Are you a spontaneous, free spirit, or a person who prefers a plan - both have their advantages! Image courtesy of Stuart Miles at freedigitalphotos.net
Many people I know in life are enviably organised, and self-disciplined. They plan their days with thought and care and they carry out their schedules according to this structure.
Much as I have tried and tried to be one of these disciplined folk, my attempts at organising and keeping to the plan, except for a day here and there, seem to fall through the cracks.
Upon contemplation, I thought perhaps there are two kind of folk – 1. Planned and Organised, and 2. More Spontaneous.
I don’t believe there is any better way of being – however, rather than looking at the disadvantages of both types, I thought it might be more positive to look at how recognising and embracing your way of functioning can lead to a greater productivity. By making the most of your personality type, you can work most effectively according to your style, rather than wishing you were another way.
Tend to keep appointments, promises, times, schedules. They can thus be seen as responsible and reliable.
Tend to be organised. They have a clear structure of what work they will do and when.
Have routines and schedules. For example, times to eat, retire, wake, exercise. Therefore life can be less chaotic for these folk.
They tend to keep their promises and likewise, tend not to make promises they can’t keep. They are therefore perceived as reliable.
Tend to be more flexible. They feel more comfortable adjusting plans as needed to accommodate other commitments they feel are important.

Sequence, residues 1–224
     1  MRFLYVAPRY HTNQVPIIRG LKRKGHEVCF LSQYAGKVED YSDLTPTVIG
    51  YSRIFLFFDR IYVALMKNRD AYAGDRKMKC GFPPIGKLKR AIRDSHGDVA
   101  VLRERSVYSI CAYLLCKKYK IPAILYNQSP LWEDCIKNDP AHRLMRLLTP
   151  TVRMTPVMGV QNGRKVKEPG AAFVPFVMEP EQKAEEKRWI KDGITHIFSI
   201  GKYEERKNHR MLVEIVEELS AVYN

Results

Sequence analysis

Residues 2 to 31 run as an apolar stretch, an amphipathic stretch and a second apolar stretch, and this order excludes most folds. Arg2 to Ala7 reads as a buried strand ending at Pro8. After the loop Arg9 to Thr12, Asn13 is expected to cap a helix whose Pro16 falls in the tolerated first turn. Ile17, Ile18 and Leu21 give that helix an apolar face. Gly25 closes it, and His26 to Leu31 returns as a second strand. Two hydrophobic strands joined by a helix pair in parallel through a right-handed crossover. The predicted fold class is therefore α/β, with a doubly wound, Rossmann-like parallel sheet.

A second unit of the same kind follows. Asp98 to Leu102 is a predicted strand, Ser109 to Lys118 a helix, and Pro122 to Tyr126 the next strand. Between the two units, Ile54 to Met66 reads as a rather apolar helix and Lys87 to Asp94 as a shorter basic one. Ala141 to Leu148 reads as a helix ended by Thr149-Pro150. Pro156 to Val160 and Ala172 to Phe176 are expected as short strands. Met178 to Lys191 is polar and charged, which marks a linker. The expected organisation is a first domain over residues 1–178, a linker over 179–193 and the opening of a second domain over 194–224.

Don’t tend to feel personally offended if others have to change their plans. Afterall, spontaneous people often feel the need to modify schedules anyway.
Tend to be divergent and creative. Instead of thinking in a logical, linear fashion, one idea can lead to a related idea. This can lead to fantastic ideas, even though schedules may get a little off track.
Feel comfortable with ‘thereabouts’ such as meeting some time that week, rather than a specific day.
It may seem a result that planned and spontaneous folk may frustrate each other from time to time. For example, the planned person may seem rigid to the more relaxed folk, and the latter chaotic to the more organised.
However, these two kinds of people can complement each other. Planned people when friends with spontaneous people can teach them that commitments are indeed important to some. Spontaneous individuals can help organised people relax a bit.
When we use our differences to complement each other, and learn from each other, we really do see that different strokes move the world!